A standard homeowner’s policy typically includes two types of liability coverage.
If you don’t file a lawsuit, the responsible party might file a MedPay claim with their home insurance carrier which provides limited repayment for injuries when a lawsuit is not presented. Most policies, however, place a maximum limit of $1,000 for this type of coverage. With medical costs rising this is often not enough to cover hospital and doctor’s bills, ambulance rides and other expenses related to your injury.
If you decide to file a lawsuit for your injuries, the responsible party’s home insurance policy might still come in handy. The other type of liability coverage included in a home insurance policy is called personal liability protection.
Personal liability protection will allow a policyholder to file a claim and receive financial assistance if he or she is being sued. The follow scenarios are examples of accidents that could qualify a homeowner for a claim: (1) Their dog bites you while you are walking past their home; (2) your child falls off a neighbor’s trampoline and fractures his ankle. (3) you are involved in an accident where another driver is at fault and their auto liability coverage is not enough to pay for your injuries
There are many reasons a person might choose to sue after such a mishap. Medical bills are costly, plus there are other associated expenses. The hurt party might miss weeks of work, or the injury could have negative long-term effects on the person’s health. These costs add up, and that is why many individuals seek legal action.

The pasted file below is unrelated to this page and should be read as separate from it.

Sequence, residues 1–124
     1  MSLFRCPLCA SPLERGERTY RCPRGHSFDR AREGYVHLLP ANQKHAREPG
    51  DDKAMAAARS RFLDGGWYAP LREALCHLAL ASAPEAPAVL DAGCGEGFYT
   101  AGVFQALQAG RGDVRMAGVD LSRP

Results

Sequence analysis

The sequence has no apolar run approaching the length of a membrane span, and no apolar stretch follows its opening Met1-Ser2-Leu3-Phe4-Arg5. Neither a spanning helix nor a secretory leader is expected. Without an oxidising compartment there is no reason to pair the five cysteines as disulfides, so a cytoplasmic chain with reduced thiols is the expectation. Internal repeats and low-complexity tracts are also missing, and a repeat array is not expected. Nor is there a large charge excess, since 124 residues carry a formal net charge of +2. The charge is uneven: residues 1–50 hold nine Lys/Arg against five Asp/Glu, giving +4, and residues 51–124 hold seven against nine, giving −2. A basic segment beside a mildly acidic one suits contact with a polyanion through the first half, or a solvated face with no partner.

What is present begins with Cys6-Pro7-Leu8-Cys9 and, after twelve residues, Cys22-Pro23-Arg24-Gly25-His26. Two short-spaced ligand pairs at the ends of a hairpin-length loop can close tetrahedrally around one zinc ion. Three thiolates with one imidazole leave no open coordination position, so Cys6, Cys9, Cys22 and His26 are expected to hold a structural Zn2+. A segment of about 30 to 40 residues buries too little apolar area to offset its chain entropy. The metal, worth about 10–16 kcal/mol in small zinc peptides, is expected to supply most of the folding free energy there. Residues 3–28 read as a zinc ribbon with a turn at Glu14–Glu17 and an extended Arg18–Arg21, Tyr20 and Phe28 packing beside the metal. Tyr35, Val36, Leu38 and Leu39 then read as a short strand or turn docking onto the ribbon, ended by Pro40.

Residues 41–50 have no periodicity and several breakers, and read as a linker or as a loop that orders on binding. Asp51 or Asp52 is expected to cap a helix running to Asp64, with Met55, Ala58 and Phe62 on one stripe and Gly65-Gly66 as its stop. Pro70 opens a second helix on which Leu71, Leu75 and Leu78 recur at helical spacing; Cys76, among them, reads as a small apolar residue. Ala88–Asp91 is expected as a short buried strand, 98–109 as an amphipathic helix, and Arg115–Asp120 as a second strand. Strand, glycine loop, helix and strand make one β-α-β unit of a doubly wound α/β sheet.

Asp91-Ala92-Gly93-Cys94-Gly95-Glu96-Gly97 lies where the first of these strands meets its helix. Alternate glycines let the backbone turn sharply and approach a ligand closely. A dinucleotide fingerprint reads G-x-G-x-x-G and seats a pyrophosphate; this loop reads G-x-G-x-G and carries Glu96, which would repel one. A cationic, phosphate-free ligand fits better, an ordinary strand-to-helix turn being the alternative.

Standard home insurance policies typically include a minimum of $100,000 for a liability claim. Again, however, coverage can be increased to as much as $500,000. Criminal activity and other exclusions apply. The following circumstances probably won’t be eligible for home insurance coverage: (1) Transmission of a communicable disease. (2) Mental, physical or sexual abuse, (3) The selling, manufacturing or distribution of controlled substances.
So you know now how easily accidents can happen since you were the victim of one. So how can you protect yourself from the financial burden of a lawsuit? Of course, it’s always best to prepare for the worst-case scenario ahead of time. Consumers who feel that they’re at particular risk for a lawsuit can purchase umbrella coverage – which comes in increments of $1 million up to $5 million. These people might own a pool or live in a neighborhood with a lot of unsupervised children and worry that someone might get hurt on their property. Umbrella coverage kicks in once the limits of your personal liability have been met. It also applies to your automobile insurance once those liability limits have been met.
Whether you’re the plaintiff or the defendant, it’s good to know about financial options when facing a lawsuit. When in doubt about your insurance coverage, get in touch with a licensed agent. A professional can answer any question you may have and get you the coverage you need. You can discuss premiums, deductibles and other important aspects of a policy as well.
If you have been in a similar situation to the aforementioned, contact the law offices of Reeves, Aiken, and Hightower, LLP toll-free at 877-374-5999 for more information.